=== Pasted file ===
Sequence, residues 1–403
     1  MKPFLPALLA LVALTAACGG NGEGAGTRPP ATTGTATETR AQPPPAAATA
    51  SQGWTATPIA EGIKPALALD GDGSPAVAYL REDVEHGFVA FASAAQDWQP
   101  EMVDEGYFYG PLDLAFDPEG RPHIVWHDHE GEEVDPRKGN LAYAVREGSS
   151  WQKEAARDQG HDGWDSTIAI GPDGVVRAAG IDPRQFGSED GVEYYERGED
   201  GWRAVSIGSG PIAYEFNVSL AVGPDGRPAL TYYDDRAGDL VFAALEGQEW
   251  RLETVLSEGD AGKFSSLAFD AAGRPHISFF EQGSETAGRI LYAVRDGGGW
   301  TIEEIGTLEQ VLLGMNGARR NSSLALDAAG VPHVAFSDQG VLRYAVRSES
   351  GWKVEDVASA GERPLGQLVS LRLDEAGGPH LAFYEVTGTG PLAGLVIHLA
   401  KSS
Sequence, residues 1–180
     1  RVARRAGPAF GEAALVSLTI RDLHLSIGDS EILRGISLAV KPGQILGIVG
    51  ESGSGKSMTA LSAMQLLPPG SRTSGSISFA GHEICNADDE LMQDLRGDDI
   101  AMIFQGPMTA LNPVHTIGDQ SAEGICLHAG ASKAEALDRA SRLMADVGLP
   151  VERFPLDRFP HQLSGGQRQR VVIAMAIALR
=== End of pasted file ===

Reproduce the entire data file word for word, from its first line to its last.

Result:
Sequence, residues 1–403
     1  MKPFLPALLA LVALTAACGG NGEGAGTRPP ATTGTATETR AQPPPAAATA
    51  SQGWTATPIA EGIKPALALD GDGSPAVAYL REDVEHGFVA FASAAQDWQP
   101  EMVDEGYFYG PLDLAFDPEG RPHIVWHDHE GEEVDPRKGN LAYAVREGSS
   151  WQKEAARDQG HDGWDSTIAI GPDGVVRAAG IDPRQFGSED GVEYYERGED
   201  GWRAVSIGSG PIAYEFNVSL AVGPDGRPAL TYYDDRAGDL VFAALEGQEW
   251  RLETVLSEGD AGKFSSLAFD AAGRPHISFF EQGSETAGRI LYAVRDGGGW
   301  TIEEIGTLEQ VLLGMNGARR NSSLALDAAG VPHVAFSDQG VLRYAVRSES
   351  GWKVEDVASA GERPLGQLVS LRLDEAGGPH LAFYEVTGTG PLAGLVIHLA
   401  KSS
Sequence, residues 1–180
     1  RVARRAGPAF GEAALVSLTI RDLHLSIGDS EILRGISLAV KPGQILGIVG
    51  ESGSGKSMTA LSAMQLLPPG SRTSGSISFA GHEICNADDE LMQDLRGDDI
   101  AMIFQGPMTA LNPVHTIGDQ SAEGICLHAG ASKAEALDRA SRLMADVGLP
   151  VERFPLDRFP HQLSGGQRQR VVIAMAIALR